In January 1943, the US War Department announced the formation of the segregated 442nd Regimental Combat Team (RCT) made up of Nisei volunteers from Hawaii and the continental U.S. There were 953 Amache men and women who served in the segregated Japanese American 442nd Regimental Combat Team, 100th Infantry Battalion, Military Intelligence Service (MIS), Women’s Army Corps, and Nurses Army Corps during WWII. This number was nearly ten percent of the people at Amache and the highest percentage of all the incarceration sites.
On July 5, 1944, a monument to honor the Amache men and women was erected in front of the Co-op building. Initially, the Honor roll carried the names of those called from the Lamar board no. 35. As soon as the names from other Selective Service boards were made available, they were added to the monument. The credit for the creation of the Honor Roll goes to the following: Yutaka Suzuki, high school wood shop, drafting office, carpenter shop and the construction crew. An iron flagpole with new paint was erected by the recreation department in front of the Amache Honor Roll in the Co-op plaza.
In August 1944, an illuminated sign showing the total number of Amacheans in the armed service was erected just inside the main entrance. The sign, was placed so that it could be seen at any hour of the day, has a blue star at the top, and initially worded as follows: “585 Japanese Americans in Service From Amache.” The numbers were in red and the words in blue. According to William Wroth, senior engineer, its panel was designed, and printed by Jiro Tani and Mike Wada of the Silk Screen Shop. The frame was made by C.B. Painter of the carpenter shop, while Lanning Flint of the electrical shop did the wiring.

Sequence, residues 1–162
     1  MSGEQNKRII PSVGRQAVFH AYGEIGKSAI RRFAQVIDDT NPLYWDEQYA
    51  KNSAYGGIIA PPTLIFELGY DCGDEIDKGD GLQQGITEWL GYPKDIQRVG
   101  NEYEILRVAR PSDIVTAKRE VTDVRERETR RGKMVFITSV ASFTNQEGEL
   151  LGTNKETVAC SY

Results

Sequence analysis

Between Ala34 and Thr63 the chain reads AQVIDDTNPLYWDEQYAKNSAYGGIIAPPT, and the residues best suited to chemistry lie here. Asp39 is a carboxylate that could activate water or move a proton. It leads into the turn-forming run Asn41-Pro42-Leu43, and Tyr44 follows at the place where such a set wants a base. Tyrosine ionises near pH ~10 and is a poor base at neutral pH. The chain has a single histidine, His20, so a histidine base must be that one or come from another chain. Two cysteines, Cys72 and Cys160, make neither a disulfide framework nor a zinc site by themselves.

“Blue Star” is still a term that refers to the family members of those on active duty in the US military. At Amache, the Blue Star Mothers often had a booth at the carnivals holding bake sales and sold Defense Stamps. The photo below shows the Blue Star mothers and wives with visiting soldiers.
Thirty-one Amache men gave their lives in the war, including Medal of Honor recipient Kiyoshi K. Muranaga. While their families were detained behind barbed wire, memorial services were held for Amache servicemen killed in action. Their names are inscribed on a monument at the Amache cemetery. A few Amache servicemen are buried in a US military cemetery in France. Their names are inscribed on a monument at the Amache cemetery.
Thirty-two became language instructors in Army intelligence. The 442nd/100th is the most highly decorated unit for its size and length of service in the history of the U.S. Armed Forces, fighting in Italy, France and Germany, receiving eight Presidential Unit Citations, 21 Medals of Honor, 52 Distinguished Service Crosses 559 Silver Stars, 4,000 Bronze Stars, and 9,486 Purple Hearts.
In April 1945, the 552nd Field Artillery Battalion of the 442nd RCT helped to liberate part of the Dachau death camp. Japanese Americans in the MIS served as interpreters in the Pacific theater and later during the Occupation of Japan; many served in both the 442nd and MIS. In 2010, Congress awarded the Congressional Gold Medal, the nation’s highest civilian award, to the 100th/442nd/MIS. A bronze duplicate of the medal is on display at the Amache Museum in Granada, Colorado.
The Granada Pioneer newspaper published the Amache Honor Roll in its December 30, 1944 issue.